At an average age of 28.1, the Chicago Cubs are the 10th-youngest team in baseball. But they could easily get even younger if they were to acquiesce to the desires of so many fans by promoting Kris Bryant (22) and Javier Baez (21), not to mention several other future Cubs in waiting.
Of course, calling up prospects means getting rid of veterans, something the current front office has had no problem doing in the past. And I'm pretty sure there wouldn't be many tears shed over the departure of Eli Whiteside (34) or John Baker (33), 2 of only 3 Cubs position players currently over 30 (Justin Ruggiano, 32).
But at the same time, Tom Loxas has written about Jed Hoyer's desire to bring in more experienced leadership. That would seem to put the Cubs at a bit of a crossroads; do they get younger by calling up prospects in favor of vets, or get older by spending in free agency?
I wanted to take a look at both the majors and the minors to see what the average player ages were and to find out whether and how that translated to success. While it's slightly outdated, this SB Nation post charts the declining age of MLB players over the past 8-10 seasons.
I have a strong hunch the increased focus on PEDs has a hand in this trend, but I've got neither the time nor the resources to suss that out at this point. I would also assume that the accuracy of, and growing reliance upon, advanced metrics in scouting players has helped. And there's always the growth in travel and year-round sports, improved international training facilities, yada, yada.
Let's first take a look at the average age of MiLB players, even if it's just for esses and gees. Fangraphs has the full layout available, so you can certainly feel free to jump over there and review all the leaderboards, sorting to your heart's content. But a cursory glance shows us that the average of a AAA player (28.2) is actually greater than that of the Cubs.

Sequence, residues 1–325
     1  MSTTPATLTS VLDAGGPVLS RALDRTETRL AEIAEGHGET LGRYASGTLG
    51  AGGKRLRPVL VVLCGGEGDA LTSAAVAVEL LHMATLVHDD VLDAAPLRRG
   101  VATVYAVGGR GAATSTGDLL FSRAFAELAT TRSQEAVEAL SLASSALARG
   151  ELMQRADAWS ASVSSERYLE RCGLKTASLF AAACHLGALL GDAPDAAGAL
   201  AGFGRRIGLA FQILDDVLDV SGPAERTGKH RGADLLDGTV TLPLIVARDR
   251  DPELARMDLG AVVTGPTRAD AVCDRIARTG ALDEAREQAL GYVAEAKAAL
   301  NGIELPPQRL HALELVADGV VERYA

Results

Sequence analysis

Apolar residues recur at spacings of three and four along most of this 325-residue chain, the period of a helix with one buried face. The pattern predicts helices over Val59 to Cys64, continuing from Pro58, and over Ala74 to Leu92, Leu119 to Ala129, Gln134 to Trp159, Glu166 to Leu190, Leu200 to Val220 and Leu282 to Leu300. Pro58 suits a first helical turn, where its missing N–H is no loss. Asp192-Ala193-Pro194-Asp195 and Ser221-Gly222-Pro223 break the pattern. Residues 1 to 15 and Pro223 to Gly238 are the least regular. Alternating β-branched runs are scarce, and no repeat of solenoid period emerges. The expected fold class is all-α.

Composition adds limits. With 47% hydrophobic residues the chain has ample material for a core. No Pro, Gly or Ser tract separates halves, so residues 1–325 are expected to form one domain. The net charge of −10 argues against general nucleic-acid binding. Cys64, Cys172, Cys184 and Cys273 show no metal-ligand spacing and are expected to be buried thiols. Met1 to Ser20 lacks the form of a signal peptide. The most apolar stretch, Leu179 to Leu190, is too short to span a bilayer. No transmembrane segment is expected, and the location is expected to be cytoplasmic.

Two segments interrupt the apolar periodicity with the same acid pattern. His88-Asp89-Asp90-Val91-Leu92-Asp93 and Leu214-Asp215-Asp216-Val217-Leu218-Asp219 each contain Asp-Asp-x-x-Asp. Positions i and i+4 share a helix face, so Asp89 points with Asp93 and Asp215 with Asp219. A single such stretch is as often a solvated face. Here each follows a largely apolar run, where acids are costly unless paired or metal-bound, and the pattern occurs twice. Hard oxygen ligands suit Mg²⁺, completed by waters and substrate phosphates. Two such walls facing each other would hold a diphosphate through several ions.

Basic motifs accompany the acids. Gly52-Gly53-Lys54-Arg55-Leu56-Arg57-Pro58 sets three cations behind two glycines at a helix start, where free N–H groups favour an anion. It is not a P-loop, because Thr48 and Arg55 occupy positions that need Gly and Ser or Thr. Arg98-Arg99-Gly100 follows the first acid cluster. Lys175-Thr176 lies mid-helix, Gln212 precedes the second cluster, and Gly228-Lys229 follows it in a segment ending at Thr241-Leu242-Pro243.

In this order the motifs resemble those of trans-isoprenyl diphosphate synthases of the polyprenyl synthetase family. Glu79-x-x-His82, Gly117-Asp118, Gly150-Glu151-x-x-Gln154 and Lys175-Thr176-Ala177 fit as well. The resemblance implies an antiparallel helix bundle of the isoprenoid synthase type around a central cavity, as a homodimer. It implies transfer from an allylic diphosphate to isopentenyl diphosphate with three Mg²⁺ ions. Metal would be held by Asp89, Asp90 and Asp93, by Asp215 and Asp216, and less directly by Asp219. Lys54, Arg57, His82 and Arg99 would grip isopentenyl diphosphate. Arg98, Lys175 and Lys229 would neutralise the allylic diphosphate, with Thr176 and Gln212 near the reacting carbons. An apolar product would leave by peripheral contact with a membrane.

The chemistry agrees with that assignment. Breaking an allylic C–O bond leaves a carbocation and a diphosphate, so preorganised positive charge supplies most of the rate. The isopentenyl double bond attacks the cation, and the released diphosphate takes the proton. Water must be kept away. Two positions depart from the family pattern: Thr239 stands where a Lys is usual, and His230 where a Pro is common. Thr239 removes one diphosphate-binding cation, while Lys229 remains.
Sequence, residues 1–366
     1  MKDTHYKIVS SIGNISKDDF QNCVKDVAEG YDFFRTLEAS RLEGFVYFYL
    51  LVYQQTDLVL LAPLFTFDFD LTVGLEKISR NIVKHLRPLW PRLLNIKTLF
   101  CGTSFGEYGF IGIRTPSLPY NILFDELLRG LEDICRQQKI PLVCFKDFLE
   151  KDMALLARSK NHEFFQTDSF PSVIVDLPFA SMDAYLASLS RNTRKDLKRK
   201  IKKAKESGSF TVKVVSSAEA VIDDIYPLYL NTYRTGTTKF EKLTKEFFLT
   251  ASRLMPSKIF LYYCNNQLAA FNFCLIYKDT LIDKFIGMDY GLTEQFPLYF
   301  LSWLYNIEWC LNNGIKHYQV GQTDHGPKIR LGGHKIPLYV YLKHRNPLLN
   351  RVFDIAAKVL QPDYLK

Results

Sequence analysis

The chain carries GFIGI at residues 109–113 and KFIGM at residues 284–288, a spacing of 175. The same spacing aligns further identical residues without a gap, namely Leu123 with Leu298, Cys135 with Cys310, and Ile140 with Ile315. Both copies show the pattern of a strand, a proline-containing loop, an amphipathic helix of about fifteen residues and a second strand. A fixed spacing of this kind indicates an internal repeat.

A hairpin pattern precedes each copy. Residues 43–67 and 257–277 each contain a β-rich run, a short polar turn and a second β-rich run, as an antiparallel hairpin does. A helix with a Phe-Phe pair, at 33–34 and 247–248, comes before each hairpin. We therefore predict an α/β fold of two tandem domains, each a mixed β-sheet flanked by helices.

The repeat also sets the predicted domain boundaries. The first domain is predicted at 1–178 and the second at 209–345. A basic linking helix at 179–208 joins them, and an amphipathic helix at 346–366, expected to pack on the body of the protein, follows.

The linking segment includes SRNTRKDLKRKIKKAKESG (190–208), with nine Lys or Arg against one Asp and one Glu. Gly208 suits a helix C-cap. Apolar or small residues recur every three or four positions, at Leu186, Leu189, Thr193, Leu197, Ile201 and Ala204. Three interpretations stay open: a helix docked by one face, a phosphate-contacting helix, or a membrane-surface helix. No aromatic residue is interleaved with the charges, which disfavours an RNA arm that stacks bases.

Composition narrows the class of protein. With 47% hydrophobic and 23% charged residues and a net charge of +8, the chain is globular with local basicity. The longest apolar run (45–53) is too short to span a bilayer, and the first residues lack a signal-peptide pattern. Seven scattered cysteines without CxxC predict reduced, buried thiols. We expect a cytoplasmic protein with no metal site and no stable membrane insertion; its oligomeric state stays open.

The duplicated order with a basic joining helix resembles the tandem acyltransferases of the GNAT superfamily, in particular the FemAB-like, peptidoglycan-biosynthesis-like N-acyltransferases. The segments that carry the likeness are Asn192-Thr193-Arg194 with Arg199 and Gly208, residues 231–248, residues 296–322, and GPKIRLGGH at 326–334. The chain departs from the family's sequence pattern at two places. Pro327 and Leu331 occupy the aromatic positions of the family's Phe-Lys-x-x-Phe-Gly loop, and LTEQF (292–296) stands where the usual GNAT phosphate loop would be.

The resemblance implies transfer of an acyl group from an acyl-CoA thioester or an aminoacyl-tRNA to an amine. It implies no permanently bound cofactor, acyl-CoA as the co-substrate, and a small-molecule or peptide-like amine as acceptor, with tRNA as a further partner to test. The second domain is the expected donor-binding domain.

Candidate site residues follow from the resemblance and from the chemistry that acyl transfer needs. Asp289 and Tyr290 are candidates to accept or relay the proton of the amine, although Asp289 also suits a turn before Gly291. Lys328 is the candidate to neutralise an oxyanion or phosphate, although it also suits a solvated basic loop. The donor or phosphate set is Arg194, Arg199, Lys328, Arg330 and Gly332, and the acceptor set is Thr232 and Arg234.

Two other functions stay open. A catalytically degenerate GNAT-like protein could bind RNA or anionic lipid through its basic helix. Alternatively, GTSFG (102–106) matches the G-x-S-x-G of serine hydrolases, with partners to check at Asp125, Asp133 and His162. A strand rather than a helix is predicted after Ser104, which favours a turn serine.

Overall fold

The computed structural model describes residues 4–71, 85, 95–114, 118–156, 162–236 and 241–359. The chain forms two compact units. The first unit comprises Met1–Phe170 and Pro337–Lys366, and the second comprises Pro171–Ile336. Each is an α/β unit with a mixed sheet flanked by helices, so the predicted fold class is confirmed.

I suppose that may lend a bit too much credence to those who lament the fact that the Cubs are essentially fielding a minor league team, but it's true in at least that one facet. I found it interesting that the age gap from Rookie ball (19.4) to AA (23.8 ) was the same as that between AA and AAA (28.2).
I'm not exactly sure what this means, but I'm sure much can be attributed to the fact that AAA serves as a rehab destination for vets and also as purgatory for those players who can't quite break through. It also means that a player like Javier Baez is still far younger than his average competition, which would help to explain his struggles early in the season.
Conversely, Kris Bryant came to the Cubs organization after a few years of college ball and his proximity to the average age and experience of his fellow AA players could translate to his gaudy numbers. Then again, when you're good, you're good, and both Bryant and Baez are very good. Relative age shouldn't be used as a strong barometer for a player's advancement, but it's certainly something to note.
Besides, we've all talked quite enough about the individual players, but I'd prefer to look at how age translates to success at the major league level for teams. After all, it doesn't mean much if a 22-year-old is mashing homers and flashing his thousand-watt smile if his team is going over like a dumpster fire.
Since MLB consists of 30 teams, I was able to break them into convenient groups of 10 to more easily digest the numbers. Looking at the 10 youngest teams (average age 27.8), we find an aggregate record of 312-328, with one 1st-place team (Atlanta Braves, NL East) and two 5th-place squads (Houston Astros, AL West and Cubs, NL Central). Overall, not a bad group.
Among the 10 oldest teams (29.7), we see a slightly better, if still mediocre, record of 320-321. Again, we have one team atop a division (San Francisco Giants, NL West) with another two sitting at the bottom (Tampa Bay Rays, AL East; Philadelphia Phillies, NL East).